Stop telling worried parents that Einstein didn’t talk until 4 and start giving them practical advice.

On parenting message boards, facebook groups, and elsewhere online, I see posts by parents concerned about the development of their children and, at one time, I was making those posts. Even in groups populated by well-educated, well-informed parents, it is quite common for these concerned to be brushed off as parental worry.  I’ve seen and received (and at one time been guilty of) comments such as:

“Every child develops at their own rate.”

While that is true, some children have developmental disabilities that interfere with their ability to learn. Many studies suggest early intervention can help protect against some of the debilitating effects of autism. The difference between my son before and after his diagnosis and therapy is night and day. Waiting would have only harmed his outcome. I have never heard a parent say that they wished they hadn’t sought out early resources for their child, but I’ve known plenty who wished they had.

“If the pediatrician isn’t concerned, then you shouldn’t be.”

After my son’s second pediatrician kept dropping the ball as much as his first, we moved to a third one. At our first visit, the new doctor asked if a referral had been put in to a developmental pediatrician. I had never heard of such a doctor before. Considering that many developmental pediatricians have a 9 month or longer wait list, the sooner a referral is placed, the better. If I hadn’t been able to get in early on a cancellation, my son would have missed 4 months worth of therapy. That might not seem like much, but it can mean the world to an autistic child.I know several parents who were put off seeking Early Intervention by a pediatrician who insisted everything was fine.

This study found that

Zuckerman compared the information for children who were eventually diagnosed with an autism spectrum disorder to children with an intellectual disability or developmental delay, two other intellectual problems that first show up in early childhood. About 14 percent more of the children with an autism spectrum disorder received a passive response from the health care practitioner, and were diagnosed about three years later than the children with other intellectual problems.

“Don’t contact Early Intervention unless there is a very serious concern or the pediatrician gives a referral. You’ll be taking resources from someone who needs them.”

My early concerns seemed so minor, I almost convinced myself it was all in my head, especially when my autistic son cleared his first Early Intervention screening. It nagged at me and ate at me and I requested a second screening and during that screening, I said every little concern I had, even though I felt foolish pointing out things that weren’t on their charts. That’s when they recognized some issues and he started services through the Early Intervention program. It was our long involvement with that program that allowed him to be diagnosed at 17 months. If I had waited, we would have lost valuable time. You might not know you need the services until you qualify for them.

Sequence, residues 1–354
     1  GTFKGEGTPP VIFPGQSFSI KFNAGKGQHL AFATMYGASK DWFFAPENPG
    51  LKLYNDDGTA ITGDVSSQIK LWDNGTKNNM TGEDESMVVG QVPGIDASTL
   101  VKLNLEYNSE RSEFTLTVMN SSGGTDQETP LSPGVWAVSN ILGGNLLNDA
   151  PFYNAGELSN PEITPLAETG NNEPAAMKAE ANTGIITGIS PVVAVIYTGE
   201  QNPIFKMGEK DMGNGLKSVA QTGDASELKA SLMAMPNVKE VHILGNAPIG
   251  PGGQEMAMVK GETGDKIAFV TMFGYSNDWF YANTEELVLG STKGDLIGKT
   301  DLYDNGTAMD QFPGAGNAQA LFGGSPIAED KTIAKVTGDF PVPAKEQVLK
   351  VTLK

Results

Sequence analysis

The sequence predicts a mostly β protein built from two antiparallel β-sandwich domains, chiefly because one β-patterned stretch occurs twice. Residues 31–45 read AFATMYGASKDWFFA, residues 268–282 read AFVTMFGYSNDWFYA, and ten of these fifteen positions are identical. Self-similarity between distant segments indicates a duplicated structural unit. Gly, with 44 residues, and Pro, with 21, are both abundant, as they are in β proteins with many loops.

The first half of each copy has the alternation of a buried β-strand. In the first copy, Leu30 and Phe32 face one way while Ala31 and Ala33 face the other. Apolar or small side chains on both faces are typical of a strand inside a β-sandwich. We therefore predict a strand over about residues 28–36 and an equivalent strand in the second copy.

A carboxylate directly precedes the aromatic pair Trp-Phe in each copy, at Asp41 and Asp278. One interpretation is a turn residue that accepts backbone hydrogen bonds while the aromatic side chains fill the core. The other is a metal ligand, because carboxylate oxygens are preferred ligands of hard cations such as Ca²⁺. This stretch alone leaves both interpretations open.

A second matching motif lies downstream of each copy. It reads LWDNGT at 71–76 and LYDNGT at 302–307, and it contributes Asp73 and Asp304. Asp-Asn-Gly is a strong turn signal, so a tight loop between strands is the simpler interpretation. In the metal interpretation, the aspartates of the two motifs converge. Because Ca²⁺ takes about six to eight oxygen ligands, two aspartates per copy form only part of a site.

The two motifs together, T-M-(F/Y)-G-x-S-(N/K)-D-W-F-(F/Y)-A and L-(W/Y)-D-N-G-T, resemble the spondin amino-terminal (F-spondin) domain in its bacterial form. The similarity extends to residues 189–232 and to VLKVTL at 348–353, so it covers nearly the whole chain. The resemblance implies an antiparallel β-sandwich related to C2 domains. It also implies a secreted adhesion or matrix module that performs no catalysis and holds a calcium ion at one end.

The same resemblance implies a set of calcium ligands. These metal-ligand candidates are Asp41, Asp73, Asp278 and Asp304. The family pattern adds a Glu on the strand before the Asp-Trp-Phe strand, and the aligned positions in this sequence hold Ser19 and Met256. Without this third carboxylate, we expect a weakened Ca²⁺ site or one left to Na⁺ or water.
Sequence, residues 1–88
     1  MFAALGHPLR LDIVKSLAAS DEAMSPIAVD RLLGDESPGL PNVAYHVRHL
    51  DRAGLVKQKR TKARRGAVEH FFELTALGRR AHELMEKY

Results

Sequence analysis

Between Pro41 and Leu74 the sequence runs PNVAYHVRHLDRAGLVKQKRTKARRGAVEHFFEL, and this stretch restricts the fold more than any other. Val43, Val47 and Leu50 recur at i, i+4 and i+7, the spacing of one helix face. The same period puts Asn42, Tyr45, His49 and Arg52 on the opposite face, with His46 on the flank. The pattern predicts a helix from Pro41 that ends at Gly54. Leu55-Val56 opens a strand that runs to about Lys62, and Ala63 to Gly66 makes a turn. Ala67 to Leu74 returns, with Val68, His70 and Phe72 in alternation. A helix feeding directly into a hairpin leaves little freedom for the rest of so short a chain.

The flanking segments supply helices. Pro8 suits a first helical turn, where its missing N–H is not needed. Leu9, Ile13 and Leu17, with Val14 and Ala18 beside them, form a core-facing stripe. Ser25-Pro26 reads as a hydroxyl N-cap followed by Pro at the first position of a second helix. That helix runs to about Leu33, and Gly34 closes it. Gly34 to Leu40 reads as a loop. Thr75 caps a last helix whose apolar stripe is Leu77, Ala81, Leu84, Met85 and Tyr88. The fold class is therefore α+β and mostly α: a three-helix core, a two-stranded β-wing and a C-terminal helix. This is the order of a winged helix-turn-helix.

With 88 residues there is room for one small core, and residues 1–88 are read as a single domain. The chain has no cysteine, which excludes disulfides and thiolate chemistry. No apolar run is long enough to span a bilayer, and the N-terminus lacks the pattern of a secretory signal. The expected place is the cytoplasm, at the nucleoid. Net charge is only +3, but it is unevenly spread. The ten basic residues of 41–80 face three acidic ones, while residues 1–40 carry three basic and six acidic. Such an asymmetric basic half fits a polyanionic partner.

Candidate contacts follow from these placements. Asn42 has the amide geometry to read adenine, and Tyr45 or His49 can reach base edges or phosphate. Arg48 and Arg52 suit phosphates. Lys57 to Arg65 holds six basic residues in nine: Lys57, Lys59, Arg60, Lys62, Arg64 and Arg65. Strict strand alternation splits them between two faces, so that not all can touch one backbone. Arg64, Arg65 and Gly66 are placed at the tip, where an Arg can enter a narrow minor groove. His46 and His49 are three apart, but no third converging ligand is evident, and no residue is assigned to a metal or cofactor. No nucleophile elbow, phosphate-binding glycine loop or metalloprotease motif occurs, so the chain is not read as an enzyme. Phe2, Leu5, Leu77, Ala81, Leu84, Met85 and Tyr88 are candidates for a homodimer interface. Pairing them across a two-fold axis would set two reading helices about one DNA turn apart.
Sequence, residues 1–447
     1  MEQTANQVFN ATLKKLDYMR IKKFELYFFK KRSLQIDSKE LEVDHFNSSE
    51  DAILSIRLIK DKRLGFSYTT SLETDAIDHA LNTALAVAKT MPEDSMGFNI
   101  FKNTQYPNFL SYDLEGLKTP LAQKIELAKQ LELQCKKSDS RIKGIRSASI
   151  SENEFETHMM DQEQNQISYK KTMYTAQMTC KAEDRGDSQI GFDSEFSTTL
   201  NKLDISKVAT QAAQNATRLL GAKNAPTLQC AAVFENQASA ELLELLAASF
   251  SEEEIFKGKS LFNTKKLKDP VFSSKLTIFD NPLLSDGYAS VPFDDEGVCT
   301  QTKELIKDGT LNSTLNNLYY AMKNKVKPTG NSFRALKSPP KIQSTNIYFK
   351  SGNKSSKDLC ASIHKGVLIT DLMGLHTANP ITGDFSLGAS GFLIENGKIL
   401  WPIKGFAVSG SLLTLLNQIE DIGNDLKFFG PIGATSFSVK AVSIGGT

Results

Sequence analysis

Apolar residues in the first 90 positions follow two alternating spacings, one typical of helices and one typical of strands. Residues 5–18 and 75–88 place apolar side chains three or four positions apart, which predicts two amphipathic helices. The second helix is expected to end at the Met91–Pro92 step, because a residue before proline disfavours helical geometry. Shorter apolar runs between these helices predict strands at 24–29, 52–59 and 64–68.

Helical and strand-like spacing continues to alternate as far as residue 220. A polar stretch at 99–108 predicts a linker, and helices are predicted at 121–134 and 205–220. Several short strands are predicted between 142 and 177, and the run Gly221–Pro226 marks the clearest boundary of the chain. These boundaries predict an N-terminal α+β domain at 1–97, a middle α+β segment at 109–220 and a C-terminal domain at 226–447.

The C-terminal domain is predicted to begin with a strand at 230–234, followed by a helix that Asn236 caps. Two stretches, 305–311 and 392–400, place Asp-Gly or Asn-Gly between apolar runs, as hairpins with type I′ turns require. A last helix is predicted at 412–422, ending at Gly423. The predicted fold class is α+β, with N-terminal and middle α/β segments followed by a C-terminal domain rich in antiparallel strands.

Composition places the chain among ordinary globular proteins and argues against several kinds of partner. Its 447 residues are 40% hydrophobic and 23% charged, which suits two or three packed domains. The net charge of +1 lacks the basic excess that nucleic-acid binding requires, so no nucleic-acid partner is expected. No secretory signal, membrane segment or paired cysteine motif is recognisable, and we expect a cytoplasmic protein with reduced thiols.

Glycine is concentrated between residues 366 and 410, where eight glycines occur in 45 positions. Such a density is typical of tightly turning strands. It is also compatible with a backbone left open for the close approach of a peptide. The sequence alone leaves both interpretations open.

In this informative reddit thread, the OP notes: In 15+ years of working with children, and 5 years of being a parent, I have never heard a parent say “I wish I hadn’t bothered getting that free Early Intervention assessment when I was worried about my kid.”

“Speech therapy can’t start until after 18 months/2 years.”

I see a lot of misinformation about when certain services can start. While lack of expressive language (how much they can speak) isn’t a concern until later, lack of babbling and receptive language (how much they can understand) is. My son was enrolled in speech therapy at 15 months due to lack of babbling and receptive language and other parents have begun even earlier. Even if your child isn’t behind enough to qualify for speech therapy, a good pediatrician can give you information on how to encourage speech. My son started occupational therapy at 10 months.

“They can’t diagnose autism until after 3.”

With a family history, children as young as 12 months have been diagnosed with autism. My son was diagnosed by the MCHAT at 17 months and that extra time has made a world of difference.

“All parents worry.”

Yes, to some extent, all parents worry about their children. I worried about the development of my neurotypical son and had him screened by Early Intervention. I’ve been concerned with his speech on 2 separate occasions and got a referral to a speech therapist from his PCM on one of those (he wasn’t delayed enough to need services), and the other time, I asked his twin’s speech therapist for more information on how to help him. Just as many other parents assured me it would, his speech suddenly exploded.

In my most active parenting group, many of us have been worried about all sorts of things, especially if we are first time moms. Most of us have expressed concerns about language and about 1/3 have had concerns about autism. Many experienced speech explosions and most of our children have been on a very normal trajectory. Still, in a group of about 50 moms, there are several of us whose children qualified for speech therapies, and 3 of us have had referrals to developmental pediatricians because of serious concerns. With rates of children diagnosed with autism climbing to 1 in 68, it is reasonable to assume that a diagnosis is possible, especially in larger groups.

Let me be very clear. I’m not saying that some parents aren’t worrying unnecessarily. I’m not saying that all parents who suspect their child of having autism are right. I am not saying that reassurances should never be stated or parents shouldn’t mention speech explosions. I am simply saying that I, and many other parents who have good reason to be concerned, are regularly dismissed, and that posters focus too heavily on reassurances instead of giving practical advice.

Instead of telling parents about Einstein, here is what we should be saying:

“Have you mentioned your concerns to the child’s doctor?”

Even the least informed pediatricians will run a basic hearing test and examine the child to make sure chronic ear infections or something else isn’t getting in the way of development.

“Have you taken the Ages and Stages Questionnaire (ASQ) or something similar?”